The Laws of War: Constraints on Warfare in the Western World

By Schmitt, Michael N. | Naval War College Review, Summer 1997 | Go to article overview

The Laws of War: Constraints on Warfare in the Western World


Schmitt, Michael N., Naval War College Review


Howard, Michael, George J. Andreopoulos, and Mark R. Shulman, eds. The Laws of War: Constraints on Warfare in the Western World. New Haven, Conn.: Yale Univ. Press, 1995. 303pp. $30

The law of war is all too often understood from a positivist perspective, one that is rule-oriented, textually based, and the product of supposedly systematic and orderly transformation. In this approach, ascertaining what norm to apply in a given situation requires only resort to the law-of-war manuals of the various services. When the law changes, the manuals are merely updated.

If it were only that simple. In fact, law is contextual. It evolves and is understood on the basis ofthe multifaceted context (social, ideological, religious, historical, practical, etc.) in which it is applied. Thus neither the valence of particular "rules" nor the understanding of them is a constant. This is true regardless of whether the source of a "rule" is a treaty, custom, or a general principle of law.

Unfortunately, this abstract understanding of law is almost exclusively the province of legal theorists. For the warfighter or operational judge advocate, it is far easier to pick up the rule book than to consider the genesis and development of the law. Yet in the same way that knowledge of the evolution and application of strategy through time makes for a better strategist (hence war colleges), grasping how and why constraints on warfare have shifted will necessarily contribute to reasoned, legal, and moral use of force. The Laws of War: Constraints on Warfare in the Western World is a superb product that clearly fosters such understanding.

Edited by three eminently qualified scholars, this book is a collection of essays that trace the development of constraints on warfare, formal and informal, across both time (from classical Greece to the age of national liberation movements) and medium (maritime, land, and air warfare). The list of contributors is impressive indeed. Particularly familiar to war college readers are John Hattendorf, the Naval War College's Ernest J. King Professor of Maritime History; Adam Roberts, Oxford's Montague Burton Professor of International Relations and long a friend of the Naval War College's law department; and Harold Selesky, who directs the military history degree program at Air University. The fact that most of the contributors are historians considering prescriptive norms (vice lawyers addressing law proper) is a unique benefit, for they tend to deemphasize the legalistic process by which law develops and emphasize its dependence on cultural and technological influences. In other words, causeand-effect, rather than process, is the focus of the studies. This approach, presented here in a well organized, wonderfully written work, fills a lacuna for those (academics and operators alike) who think about such matters.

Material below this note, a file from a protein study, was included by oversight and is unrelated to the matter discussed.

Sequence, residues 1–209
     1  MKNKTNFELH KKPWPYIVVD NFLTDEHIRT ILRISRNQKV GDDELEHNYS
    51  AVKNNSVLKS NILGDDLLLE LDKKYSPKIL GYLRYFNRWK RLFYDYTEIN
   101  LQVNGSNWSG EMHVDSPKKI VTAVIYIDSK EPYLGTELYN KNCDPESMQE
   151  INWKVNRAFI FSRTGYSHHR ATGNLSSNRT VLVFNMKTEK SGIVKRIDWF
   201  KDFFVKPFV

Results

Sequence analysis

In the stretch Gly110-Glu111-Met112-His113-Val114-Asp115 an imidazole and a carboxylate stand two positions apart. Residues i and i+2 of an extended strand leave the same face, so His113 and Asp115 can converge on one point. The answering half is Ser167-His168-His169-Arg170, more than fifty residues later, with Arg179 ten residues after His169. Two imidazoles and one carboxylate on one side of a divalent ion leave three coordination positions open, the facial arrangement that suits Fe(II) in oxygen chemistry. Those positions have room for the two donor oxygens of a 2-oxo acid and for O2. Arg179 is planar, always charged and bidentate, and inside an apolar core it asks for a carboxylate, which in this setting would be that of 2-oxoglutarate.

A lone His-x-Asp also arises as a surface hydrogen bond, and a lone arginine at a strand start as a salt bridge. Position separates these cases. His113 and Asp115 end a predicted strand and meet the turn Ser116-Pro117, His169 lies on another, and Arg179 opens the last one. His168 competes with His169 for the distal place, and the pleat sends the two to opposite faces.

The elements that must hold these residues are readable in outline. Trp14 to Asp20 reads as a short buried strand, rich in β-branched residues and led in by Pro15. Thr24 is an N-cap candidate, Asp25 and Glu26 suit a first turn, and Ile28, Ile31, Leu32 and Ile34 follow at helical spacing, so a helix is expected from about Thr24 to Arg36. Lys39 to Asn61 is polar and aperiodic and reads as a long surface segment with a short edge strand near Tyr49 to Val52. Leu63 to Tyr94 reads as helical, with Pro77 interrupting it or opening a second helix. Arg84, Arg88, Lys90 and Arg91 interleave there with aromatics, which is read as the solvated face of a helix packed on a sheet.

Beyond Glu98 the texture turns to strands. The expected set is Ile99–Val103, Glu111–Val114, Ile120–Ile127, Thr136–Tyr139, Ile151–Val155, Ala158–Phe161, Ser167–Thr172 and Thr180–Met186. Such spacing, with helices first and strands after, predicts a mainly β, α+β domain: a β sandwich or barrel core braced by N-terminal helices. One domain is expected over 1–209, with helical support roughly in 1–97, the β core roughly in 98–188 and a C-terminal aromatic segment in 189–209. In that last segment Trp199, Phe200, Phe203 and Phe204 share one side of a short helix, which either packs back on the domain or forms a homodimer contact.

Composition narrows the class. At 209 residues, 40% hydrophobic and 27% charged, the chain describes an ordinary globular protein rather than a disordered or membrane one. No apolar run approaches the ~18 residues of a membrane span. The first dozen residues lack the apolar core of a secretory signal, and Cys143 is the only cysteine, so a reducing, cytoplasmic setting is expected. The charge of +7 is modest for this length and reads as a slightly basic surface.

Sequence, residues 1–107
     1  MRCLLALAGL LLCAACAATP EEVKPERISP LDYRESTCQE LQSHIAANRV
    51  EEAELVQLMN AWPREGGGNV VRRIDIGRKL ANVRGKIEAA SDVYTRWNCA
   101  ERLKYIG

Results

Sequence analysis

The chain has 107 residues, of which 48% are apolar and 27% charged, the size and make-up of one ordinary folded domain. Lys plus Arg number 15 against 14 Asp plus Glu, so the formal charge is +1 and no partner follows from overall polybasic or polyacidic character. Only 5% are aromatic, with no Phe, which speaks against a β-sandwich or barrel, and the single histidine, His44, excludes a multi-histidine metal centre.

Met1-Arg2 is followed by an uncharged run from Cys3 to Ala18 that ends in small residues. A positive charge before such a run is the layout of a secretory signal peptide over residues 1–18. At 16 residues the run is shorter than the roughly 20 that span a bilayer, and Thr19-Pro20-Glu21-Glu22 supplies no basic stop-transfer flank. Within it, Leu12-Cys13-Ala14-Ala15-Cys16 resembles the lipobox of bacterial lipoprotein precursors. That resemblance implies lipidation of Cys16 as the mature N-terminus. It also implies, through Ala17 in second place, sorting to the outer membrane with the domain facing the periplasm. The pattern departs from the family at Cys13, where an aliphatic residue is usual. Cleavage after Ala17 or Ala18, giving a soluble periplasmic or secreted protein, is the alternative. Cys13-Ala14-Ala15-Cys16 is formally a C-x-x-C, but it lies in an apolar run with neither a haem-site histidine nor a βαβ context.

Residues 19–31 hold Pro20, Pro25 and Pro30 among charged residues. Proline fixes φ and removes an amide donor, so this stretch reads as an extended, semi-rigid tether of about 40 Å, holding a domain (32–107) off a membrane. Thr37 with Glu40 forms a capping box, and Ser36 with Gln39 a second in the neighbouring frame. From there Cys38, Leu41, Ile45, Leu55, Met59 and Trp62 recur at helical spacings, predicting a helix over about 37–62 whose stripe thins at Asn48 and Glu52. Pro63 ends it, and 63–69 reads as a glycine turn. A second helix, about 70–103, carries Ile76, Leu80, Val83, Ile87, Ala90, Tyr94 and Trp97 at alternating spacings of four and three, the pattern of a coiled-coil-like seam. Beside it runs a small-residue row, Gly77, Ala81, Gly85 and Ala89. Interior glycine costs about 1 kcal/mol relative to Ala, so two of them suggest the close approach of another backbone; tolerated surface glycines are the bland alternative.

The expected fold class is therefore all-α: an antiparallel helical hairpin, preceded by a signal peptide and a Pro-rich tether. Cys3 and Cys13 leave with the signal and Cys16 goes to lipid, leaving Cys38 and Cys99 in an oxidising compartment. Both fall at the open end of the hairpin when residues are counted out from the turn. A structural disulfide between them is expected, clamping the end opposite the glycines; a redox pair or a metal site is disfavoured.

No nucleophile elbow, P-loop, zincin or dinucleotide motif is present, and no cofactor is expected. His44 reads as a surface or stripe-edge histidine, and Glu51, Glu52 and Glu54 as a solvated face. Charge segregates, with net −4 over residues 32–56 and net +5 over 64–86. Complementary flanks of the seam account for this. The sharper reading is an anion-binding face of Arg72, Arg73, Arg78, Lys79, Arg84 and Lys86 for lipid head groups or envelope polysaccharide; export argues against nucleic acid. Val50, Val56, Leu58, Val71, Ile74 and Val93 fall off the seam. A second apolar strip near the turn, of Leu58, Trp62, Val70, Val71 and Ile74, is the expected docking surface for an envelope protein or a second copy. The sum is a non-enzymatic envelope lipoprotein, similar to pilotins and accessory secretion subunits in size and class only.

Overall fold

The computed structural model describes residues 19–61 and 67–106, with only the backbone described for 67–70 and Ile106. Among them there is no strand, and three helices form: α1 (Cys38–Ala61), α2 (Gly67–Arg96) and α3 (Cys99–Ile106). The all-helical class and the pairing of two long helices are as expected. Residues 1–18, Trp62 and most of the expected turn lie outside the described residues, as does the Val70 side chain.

Editor Michael Howard's introductory chapter on constraints sets the stage for the individual studies. It is here that he distinguishes between the jus ad bellum, norms governing when force may be resorted to, and jus in bello, those addressing how it may be used. The essays concentrate on the latter. Introducing a theme that pervades most of the case studies, Howard notes that the content of the applicable norms often depends on who is to be protected by them. Thus during the Middle Ages the nascent protections that did exist applied only during bellum hostile, conflict within Christendom; beyond that confine, bellum Romanum, or unbounded conflict, was the rule. The same sorts of distinction were evident in classical antiquity (i.e., Hellenes versus non-Hellenes), through the colonial period in America (settlers or natives), up to the present (distinctions based on national liberation movements). The essays clearly establish that the inclusivity of constraints on warfare is determined by the way "we" and "they" are defined by the group resorting to force.

This point is reemphasized in the excellent concluding chapter by Howard's coeditors, George Andreopoulos and Mark Shulman. …

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